Wednesday, November 6, 2013

Math Lit FAQ: Do I have flexibility using Math Lit?

Answer:  Absolutely!

Since the beginning of the pathways movement, there has been an emphasis on using new pedagogy with developmental math students.  But doing so is unfamiliar to many instructors.  Because of that, we incorporated a lot of instructor support into the Math Lit book at every level:  course, cycle, and lesson.  Throughout the lessons, there are suggestions for teaching with groups or as a whole class, how much time for each part of a lesson, tips for teaching, and questions to consider asking.  We created tests, quizzes, rubrics, project templates and a ready-to-go MyMathLab course based on requests from class testers.  This level of support is provided to address direct requests we received for teaching with a new style.

However, some faculty see that level of support and would prefer to not use all of it all of the time.  Heather and I fall into that category and many faculty will too.  You are in charge of your classroom and you know your students and your style.  So you will have ideas on how you want to proceed and it's not necessarily going to match our suggestions.  That's great and to be expected because the book is not a script.

To give instructors who desire more assistance what they need, we have a lot of stepped out problems on the page.  If someone needs that and it's not there, they don't necessarily want to create it on the fly.  For the person who doesn't want it, we suggest ignoring what you're not interested in using and teaching how you would prefer.  I do this with all the books I teach from.  Because depending on the day, my students, current events, what have you, I will want to adapt and flex my instruction.  Sometimes I do every problem on the page and ask every question and some days I do something completely different.  That's your prerogative as an instructor.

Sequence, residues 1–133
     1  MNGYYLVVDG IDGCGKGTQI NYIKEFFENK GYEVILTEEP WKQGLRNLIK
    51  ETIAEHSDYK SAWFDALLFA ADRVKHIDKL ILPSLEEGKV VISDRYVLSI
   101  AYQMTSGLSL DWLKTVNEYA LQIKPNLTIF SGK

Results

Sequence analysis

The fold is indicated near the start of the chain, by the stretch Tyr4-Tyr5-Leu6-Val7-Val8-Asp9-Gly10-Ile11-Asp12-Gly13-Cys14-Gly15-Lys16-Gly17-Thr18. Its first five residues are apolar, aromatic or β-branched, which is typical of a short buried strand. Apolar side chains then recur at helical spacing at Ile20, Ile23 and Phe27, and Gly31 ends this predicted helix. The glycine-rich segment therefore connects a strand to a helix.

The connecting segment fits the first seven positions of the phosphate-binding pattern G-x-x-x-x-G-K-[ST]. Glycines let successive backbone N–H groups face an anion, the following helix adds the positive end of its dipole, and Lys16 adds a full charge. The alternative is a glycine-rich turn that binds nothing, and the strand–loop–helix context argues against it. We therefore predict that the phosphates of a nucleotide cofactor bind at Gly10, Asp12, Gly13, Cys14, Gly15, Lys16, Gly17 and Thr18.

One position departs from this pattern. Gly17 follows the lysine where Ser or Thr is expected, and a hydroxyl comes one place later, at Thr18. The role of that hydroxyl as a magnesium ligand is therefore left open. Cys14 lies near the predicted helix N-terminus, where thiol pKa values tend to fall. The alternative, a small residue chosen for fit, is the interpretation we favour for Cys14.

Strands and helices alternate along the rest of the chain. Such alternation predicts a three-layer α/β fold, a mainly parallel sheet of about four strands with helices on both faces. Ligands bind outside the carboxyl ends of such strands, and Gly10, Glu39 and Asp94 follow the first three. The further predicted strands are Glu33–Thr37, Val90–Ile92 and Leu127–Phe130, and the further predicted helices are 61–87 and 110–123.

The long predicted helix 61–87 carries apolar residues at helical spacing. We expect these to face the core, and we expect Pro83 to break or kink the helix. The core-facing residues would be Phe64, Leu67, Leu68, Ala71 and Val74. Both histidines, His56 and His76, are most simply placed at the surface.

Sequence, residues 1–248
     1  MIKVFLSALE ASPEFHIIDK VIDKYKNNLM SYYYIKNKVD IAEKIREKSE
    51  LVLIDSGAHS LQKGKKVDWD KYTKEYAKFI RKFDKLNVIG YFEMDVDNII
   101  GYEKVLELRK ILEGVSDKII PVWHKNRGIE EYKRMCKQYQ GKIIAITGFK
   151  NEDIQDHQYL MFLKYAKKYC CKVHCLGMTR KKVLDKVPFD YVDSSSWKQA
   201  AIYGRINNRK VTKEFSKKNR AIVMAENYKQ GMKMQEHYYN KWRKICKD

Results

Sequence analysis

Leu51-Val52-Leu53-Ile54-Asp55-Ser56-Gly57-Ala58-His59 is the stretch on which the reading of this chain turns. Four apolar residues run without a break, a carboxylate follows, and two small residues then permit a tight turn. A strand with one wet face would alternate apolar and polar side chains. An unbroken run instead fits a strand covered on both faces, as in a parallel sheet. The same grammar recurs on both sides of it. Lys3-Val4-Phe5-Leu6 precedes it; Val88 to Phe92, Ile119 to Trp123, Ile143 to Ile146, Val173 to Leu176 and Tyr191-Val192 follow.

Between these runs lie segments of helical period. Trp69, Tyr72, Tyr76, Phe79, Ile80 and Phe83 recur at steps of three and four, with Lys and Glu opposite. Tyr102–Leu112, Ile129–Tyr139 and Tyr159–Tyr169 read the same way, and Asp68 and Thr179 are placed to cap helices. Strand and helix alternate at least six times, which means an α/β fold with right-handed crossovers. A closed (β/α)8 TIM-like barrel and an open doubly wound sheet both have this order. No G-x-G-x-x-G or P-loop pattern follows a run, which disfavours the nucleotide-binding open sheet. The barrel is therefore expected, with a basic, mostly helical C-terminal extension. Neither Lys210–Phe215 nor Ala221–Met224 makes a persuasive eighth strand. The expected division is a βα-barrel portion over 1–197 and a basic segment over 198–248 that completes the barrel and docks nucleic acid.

There are many other places where flexibility exists.  You can omit lessons for which you do not need the content.  You can skip the focus problems or use them but skip the focus problem lessons in class.  You can swap out suggested activities for ones you would like to do.  For example, in lesson 3.5, we have an exploration where students measure a cup of flour by volume and then weigh it to see the variation in a 1-cup measurement.  I've done this for several semesters and it's always been fun and informative.  But this semester I wanted something different.  Heather had the idea of setting a timer on the document camera and starting it.  She asked students to put their heads down and close their eyes and look up when they thought a minute had passed.  They were then to see what time had really passed on the timer and write that time down.  We collected the actual times from students and used that as a data set to talk about natural variation instead of the flour weights.

Other options include having students do some of the Explores and/or Connects as homework instead of in class.  You could use the videos we will have in the spring to have students work on skills outside of class and do only the Explores and Connects in class.  This would emulate a flipped classroom approach.  You can teach everything in groups or everything as a whole class instead of the combined approach used in the book.

These are just a few examples.  The key takeaway is that you run your classroom.  The book is there to provide students with relevant problems for explorations, theory and terminology, and key examples for reference.  How you use the content and how much or how little you use the structure of the book and its lessons is up to you, just as it is with any text.  Make it work for you and your students.

No comments:

Post a Comment